Stock vs Aftermarket CPU Cooler – Is Your Stock Cooler Good Enough?

Thinking about getting a new cooler to replace the one that shipped with your CPU? Check out this useful guide to find out which is best for you.


Any stock cooler can keep the CPU from overheating.

Still, if you want a more efficient cooler for overclocking and one that would run more quietly, then an aftermarket cooler will almost always prove to be a very worthwhile purchase.

It sure is convenient when your CPU ships with a cooler included in the box, but is what comes in the box good enough?

After all, a CPU cooler needs to have two things to be considered “good”: cooling efficiency and low noise generation. Technically, any cooler is good enough if all you want is for your CPU to work correctly without melting down. Yet, if we’re talking about overclocking, you’ll probably find many stock coolers disappointing.

Table of ContentsShow

AMD Stock Coolers vs Intel Stock Coolers

Intel Stock Cooler

Intel and AMD ship different coolers with different CPUs. Intel’s low-profile cooler and AMD’s Wraith Stealth that ship with the cheaper and less-demanding CPUs and APUs both feature relatively small heatsinks so that they can get loud under heavy load and the temperatures can quickly go over 70 degrees Celsius even with stock clock speeds.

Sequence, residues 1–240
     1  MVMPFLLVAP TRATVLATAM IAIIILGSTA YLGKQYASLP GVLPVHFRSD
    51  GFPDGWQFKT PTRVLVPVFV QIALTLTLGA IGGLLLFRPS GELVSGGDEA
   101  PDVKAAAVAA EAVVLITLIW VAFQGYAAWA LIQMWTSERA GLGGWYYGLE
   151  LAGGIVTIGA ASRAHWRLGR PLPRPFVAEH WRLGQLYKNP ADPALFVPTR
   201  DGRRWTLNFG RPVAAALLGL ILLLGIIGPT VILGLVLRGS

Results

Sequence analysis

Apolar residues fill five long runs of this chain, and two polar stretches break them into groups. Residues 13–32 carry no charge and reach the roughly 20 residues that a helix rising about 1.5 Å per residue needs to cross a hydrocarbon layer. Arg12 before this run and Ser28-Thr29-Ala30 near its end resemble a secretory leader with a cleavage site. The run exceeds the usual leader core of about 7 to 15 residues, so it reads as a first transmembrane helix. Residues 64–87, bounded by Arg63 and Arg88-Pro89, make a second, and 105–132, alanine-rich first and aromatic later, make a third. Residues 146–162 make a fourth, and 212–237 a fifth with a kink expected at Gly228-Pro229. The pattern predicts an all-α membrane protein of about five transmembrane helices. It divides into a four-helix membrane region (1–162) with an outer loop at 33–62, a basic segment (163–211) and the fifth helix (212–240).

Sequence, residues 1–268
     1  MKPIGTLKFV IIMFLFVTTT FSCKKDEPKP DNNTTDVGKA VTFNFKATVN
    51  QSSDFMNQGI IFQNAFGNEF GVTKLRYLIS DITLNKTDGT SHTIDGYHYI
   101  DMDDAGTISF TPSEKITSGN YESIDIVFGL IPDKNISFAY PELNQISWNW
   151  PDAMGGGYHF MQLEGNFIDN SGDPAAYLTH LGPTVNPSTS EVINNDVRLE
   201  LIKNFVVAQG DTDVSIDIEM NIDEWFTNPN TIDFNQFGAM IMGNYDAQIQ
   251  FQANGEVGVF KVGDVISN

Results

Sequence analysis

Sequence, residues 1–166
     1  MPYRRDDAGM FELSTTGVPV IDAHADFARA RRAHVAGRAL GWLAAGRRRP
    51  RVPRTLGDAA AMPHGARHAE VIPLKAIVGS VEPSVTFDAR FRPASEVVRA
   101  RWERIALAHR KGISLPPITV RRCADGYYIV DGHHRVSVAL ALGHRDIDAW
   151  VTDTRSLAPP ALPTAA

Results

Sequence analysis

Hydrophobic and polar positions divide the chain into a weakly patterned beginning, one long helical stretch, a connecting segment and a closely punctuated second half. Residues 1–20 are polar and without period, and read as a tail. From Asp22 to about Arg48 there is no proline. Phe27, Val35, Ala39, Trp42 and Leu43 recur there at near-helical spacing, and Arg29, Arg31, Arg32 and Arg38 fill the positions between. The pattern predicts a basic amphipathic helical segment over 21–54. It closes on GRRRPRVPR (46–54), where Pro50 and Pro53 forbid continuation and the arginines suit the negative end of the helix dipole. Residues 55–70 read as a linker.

Ultimately, AMD’s Wraith Stealth does have the advantage compared to Intel’s offering, given that it is quieter – as the name suggests – but neither are exactly ideal for overclocking.

Then, we have Intel’s large stock cooler and AMD’s Wraith Spire, which fare much better when it comes to cooling efficiency, all thanks to their much heftier heatsinks. For most people who don’t plan on doing any overclocking, these stock coolers will probably get the job done, though we should point out that AMD’s Spire performs a tad better once again.

Not only that, but AMD also has a few more coolers to offer, including the larger and better Wraith Max and the Wraith Prism, both of which come with RGB rings. Plus, they also have some additional bare-bones low-profile coolers for their APUs.

With that in mind, we can say that AMD’s coolers are better than Intel’s stock coolers, especially the low-profile one, but how do they fare against aftermarket solutions?

Stock Cooler vs Aftermarket Cooler

Stock Vs Aftermarket Cooler

While the selection of stock coolers is quite limited, there is no shortage of diverse aftermarket options.

You have your regular low-profile CPU coolers, which can be a quick and cheap substitute for your basic stock cooler. However, there are also some pricier, more serious models that can offer better cooling without the use of massive heatsinks, so they are great for compact computer cases.

But speaking of massive heatsinks, if you have enough room for one, there’s no reason not to get a tower cooler. These are simply the best air coolers that you can get for a desktop PC. They offer excellent cooling efficiency and are also very quiet when not being pushed too hard.

Stock Cpu Fan

However, even a tower cooler cannot compare to a liquid cooler! These are the most expensive aftermarket coolers by far. In place of an aluminum heatsink, they use circulating liquid to get the heat away from the CPU and to the case-mounted radiators, which are then cooled off with the help of multiple fans.

So, as you can see, there is a great variety of aftermarket CPU coolers to choose from, there’s something for everyone’s needs and something to fit everyone’s budget.